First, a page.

Dr. Filemon A. Uriarte, Jr., president of the National Research Council of the Philippines, said that water, food, energy, and health are four “challenge areas” faced by local chemical engineers. He emphasized this during his plenary presentation in the 77th Philippine Institute of Chemical Engineers National Convention, held in Boracay, Aklan, last 18 February 2016.
For water, chemical engineers should explore new ways of promoting process technology in securing viable industrial and municipal water supplies and in delivering sustainable water solutions, he said.
On energy, practitioners should address climate change by working towards de-carbonization and sustainable energy use; as well as increase the contribution from renewables by developing robust life cycle analysis; meanwhile promoting the fullest understanding of thermodynamics and energy balances for all proposed solutions.
Further, he said the development of processes and technologies to optimize the food supply and at the same time reduce waste is also where the profession would play a big role.
In view of the known link between health and consumption, professionals can also contribute to improving health and life expectancy through technologies, processes and systems for better sanitation, diet, housing and healthcare, among others, as well as work to secure better integration between the consumer products and pharmaceutical industries.
Dr. Uriarte also emphasized the applications of thermodynamics, and the concepts transport phenomena and systems approach to help address pressing issues on water, food, energy, and health.
His talk was within the context of “ASEAN integration” based on the ASEAN Economic Community (AEC) implemented in 2015. Its main objective and principle is a “single market and production base” that allow the free flow of goods, services, investments, skilled labor, and freer movement of capital between ASEAN nation members.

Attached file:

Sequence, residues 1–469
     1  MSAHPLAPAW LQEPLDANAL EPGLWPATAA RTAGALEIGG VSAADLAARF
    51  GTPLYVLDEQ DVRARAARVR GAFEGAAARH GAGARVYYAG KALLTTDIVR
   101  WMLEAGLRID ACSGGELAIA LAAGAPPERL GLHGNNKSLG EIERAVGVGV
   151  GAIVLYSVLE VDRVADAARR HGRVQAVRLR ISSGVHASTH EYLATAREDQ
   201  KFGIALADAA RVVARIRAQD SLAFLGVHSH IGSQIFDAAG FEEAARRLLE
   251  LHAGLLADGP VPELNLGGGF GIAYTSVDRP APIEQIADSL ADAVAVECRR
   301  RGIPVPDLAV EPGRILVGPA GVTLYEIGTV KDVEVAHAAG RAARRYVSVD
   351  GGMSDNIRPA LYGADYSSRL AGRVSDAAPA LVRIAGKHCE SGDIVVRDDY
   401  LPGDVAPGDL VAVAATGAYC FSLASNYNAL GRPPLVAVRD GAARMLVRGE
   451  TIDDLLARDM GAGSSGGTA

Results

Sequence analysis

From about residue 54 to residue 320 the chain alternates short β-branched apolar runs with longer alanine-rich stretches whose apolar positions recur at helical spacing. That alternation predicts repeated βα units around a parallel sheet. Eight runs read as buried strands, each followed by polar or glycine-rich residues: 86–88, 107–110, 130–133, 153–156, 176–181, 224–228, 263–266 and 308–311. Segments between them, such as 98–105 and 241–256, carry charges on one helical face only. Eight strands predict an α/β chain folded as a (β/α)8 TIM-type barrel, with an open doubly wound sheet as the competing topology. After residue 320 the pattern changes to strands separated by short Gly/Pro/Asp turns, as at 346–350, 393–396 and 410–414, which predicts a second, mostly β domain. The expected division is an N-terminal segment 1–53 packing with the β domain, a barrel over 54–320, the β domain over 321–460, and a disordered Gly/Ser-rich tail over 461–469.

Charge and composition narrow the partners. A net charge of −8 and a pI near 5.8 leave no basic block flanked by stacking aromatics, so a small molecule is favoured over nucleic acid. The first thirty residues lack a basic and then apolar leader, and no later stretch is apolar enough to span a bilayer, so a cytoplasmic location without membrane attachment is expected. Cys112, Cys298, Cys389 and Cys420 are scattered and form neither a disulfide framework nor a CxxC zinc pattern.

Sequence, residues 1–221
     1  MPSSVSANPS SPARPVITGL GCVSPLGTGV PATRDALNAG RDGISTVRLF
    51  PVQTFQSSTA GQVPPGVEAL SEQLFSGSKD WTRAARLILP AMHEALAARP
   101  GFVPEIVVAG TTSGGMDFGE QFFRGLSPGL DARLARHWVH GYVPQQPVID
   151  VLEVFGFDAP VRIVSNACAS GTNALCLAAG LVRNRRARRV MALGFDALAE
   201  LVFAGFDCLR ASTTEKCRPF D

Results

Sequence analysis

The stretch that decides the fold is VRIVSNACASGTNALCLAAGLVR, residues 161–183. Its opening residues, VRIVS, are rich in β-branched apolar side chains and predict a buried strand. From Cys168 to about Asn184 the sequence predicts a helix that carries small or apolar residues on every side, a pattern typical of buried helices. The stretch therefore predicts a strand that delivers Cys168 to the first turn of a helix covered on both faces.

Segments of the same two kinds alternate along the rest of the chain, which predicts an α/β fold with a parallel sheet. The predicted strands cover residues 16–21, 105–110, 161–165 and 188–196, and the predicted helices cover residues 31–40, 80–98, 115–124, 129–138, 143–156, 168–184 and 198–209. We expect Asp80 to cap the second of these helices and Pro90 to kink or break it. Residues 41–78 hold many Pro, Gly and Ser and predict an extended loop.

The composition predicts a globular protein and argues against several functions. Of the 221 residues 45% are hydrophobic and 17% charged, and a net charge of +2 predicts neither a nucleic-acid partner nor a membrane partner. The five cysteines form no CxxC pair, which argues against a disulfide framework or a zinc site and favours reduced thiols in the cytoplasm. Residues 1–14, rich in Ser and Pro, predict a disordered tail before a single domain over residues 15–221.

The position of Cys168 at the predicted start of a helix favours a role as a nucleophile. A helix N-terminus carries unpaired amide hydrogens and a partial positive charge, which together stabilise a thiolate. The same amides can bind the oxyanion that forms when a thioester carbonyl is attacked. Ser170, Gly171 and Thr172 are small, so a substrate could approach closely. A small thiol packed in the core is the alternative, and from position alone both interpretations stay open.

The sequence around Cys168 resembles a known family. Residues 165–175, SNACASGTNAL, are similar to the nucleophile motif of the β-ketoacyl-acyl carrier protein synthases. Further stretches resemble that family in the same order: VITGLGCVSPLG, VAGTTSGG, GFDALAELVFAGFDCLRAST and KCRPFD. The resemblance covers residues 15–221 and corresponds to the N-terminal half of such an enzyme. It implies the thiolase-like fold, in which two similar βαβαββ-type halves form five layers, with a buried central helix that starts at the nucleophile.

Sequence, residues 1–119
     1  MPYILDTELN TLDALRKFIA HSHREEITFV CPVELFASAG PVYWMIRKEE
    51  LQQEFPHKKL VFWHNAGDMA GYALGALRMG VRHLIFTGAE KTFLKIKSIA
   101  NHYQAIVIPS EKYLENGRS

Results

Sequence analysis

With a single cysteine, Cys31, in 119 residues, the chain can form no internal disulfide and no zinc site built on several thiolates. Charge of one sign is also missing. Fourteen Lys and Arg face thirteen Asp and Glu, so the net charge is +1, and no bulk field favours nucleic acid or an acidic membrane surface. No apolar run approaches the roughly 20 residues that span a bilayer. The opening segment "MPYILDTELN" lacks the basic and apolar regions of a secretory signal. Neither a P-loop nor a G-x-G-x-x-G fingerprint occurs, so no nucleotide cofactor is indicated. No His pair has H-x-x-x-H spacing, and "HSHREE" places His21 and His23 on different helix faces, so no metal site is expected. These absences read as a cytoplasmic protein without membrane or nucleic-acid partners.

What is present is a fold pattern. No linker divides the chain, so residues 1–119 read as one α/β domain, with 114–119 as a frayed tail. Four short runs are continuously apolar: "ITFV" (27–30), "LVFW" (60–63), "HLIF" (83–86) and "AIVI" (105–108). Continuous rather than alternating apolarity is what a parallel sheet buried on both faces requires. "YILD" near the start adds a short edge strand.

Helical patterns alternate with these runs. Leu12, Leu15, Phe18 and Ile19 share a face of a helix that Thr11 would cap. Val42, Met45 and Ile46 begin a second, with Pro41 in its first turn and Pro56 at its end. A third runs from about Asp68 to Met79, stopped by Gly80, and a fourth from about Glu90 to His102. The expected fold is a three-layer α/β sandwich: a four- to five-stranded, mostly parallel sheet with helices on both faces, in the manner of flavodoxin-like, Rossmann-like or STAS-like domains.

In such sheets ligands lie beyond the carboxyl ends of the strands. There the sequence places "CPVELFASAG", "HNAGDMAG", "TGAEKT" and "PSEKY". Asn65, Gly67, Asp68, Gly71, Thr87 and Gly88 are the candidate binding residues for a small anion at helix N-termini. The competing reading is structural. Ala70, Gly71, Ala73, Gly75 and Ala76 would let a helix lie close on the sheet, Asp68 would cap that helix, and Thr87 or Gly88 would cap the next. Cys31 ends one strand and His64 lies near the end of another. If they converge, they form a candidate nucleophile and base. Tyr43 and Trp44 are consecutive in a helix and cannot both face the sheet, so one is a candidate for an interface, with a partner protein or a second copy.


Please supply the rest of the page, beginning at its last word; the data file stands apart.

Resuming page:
He also cited the opportunity for chemical engineers to obtain the title “ASEAN Chartered Professional Engineer or ACPE” that they may work in another ASEAN country, albeit collaboratively with its local engineers. This will be subject to set guidelines and regulations and that professionals should meet certain criteria as part of the assessment. ACPE is based on the Mutual Recognition Arrangements (MRAs) Framework set to mutually recognize education, professional competencies, and experiences across member countries for eight priority sectors, including engineering.
On the other hand, Dr. Uriarte also cited the insufficient mechanisms to ensure compliance and commitment by ASEAN countries to fully enforce accords and realize economic integration. Lastly, he said the Philippines now lags behind its neighbors in education as shown current world university rankings.